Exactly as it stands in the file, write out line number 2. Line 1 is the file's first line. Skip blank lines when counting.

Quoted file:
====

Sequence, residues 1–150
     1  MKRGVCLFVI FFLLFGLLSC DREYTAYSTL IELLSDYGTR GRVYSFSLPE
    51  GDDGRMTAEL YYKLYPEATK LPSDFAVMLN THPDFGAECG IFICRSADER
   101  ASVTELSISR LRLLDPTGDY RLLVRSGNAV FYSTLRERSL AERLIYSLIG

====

     1  MKRGVCLFVI FFLLFGLLSC DREYTAYSTL IELLSDYGTR GRVYSFSLPE